THE POWER AND THE GLORY: A VIEW OF RUMSFELD BY ROGER MORRIS

Rumsfeld: (He began) a stint in 1983-1984 as special presidential envoy to the Middle East.

He worked to shower on Saddam (in a manner as unnoticed as possible) an infamous flow of intelligence, financial credits, and sensitive materials and technology that would come to underpin Iraqi chemical and bacteriological warfare programs, leading to hideous gas attacks on Shia dissidents and Kurds as well as the Iranian forces. In general, Rumsfeld put his shoulder to the wheel to shore up the war-worn Ba’athist regime that had attacked Iran in 1980.

As Secretary of Defense to George Bush: As no other cabinet officer in history, he turned over crucial, self-sustaining functions of his department to privateers and private armies. He surrendered vital supply and commissariat services for the American military to profit-plundering contractors for whom U.S. forces were neither fellow warriors, nor even share-holders, but captive “customers” to be treated with the offhandedness afforded by guaranteed contracts. He ceded security and combat functions essential to the national mission to a corps of thousands of hired guns whose qualifications, standards of conduct and ultimate loyalty — all integral to the safety and success of American forces — were beyond effective governmental control or measure.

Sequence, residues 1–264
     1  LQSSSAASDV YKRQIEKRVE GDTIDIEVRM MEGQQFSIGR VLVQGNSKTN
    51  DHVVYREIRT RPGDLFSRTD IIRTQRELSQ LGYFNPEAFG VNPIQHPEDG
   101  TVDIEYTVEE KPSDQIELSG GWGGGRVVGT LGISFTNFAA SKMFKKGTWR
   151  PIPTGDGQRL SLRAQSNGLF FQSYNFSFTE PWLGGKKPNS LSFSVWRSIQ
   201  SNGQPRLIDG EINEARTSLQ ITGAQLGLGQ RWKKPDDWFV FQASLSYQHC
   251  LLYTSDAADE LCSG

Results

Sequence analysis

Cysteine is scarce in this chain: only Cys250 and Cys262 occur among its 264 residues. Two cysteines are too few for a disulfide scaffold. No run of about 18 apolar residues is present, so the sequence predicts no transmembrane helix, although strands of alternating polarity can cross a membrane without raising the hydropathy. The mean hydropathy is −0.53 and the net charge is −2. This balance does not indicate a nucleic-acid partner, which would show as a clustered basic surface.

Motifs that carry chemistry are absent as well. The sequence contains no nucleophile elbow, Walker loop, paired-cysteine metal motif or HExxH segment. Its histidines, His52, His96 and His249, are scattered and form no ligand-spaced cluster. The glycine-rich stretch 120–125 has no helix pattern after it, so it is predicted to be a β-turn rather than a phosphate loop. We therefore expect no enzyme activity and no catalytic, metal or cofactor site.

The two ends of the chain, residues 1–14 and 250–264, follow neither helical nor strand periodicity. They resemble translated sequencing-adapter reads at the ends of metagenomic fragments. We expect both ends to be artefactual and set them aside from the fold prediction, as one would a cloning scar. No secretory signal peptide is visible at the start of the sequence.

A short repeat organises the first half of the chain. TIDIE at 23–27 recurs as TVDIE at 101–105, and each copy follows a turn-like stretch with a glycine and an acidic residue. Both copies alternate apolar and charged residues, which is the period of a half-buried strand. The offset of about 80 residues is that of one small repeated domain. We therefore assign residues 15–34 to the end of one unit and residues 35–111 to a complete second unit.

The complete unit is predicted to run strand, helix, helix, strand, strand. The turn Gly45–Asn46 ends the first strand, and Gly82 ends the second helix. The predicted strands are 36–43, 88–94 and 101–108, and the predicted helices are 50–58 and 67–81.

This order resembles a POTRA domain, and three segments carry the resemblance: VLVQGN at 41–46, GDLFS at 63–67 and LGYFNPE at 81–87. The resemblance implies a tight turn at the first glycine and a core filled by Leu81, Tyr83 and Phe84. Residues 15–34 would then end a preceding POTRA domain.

As no other cabinet officer in history, he squandered the integrity of his department and the unique, indispensable code of honor of its services. He joined, and often led, the rest of an intellectually degraded administration, heedless of Constitutional and human rights, in violating the very heart of their ostensibly conservative convictions. With the ready sanctioning, and then de facto cover-up of torture and abuse at Abu Ghraib, Guantanamo, and the less noticed but equally gruesome prisons at Bagram Air Base and elsewhere in Afghanistan, he changed, for untold millions, the symbol of America and its once-proud military from freedom and the rule of law to the unforgettable prisoner’s hood and shackles. Rumsfeld’s impact would not vanish with terms of office or elections

….Weeks after Rumsfeld’s departure, history — the little ever really known or understood — was already being waved off, forgotten. The past was too complicated and troublesome, too guilt-ridden and close to home, too filled with chilling consequences.

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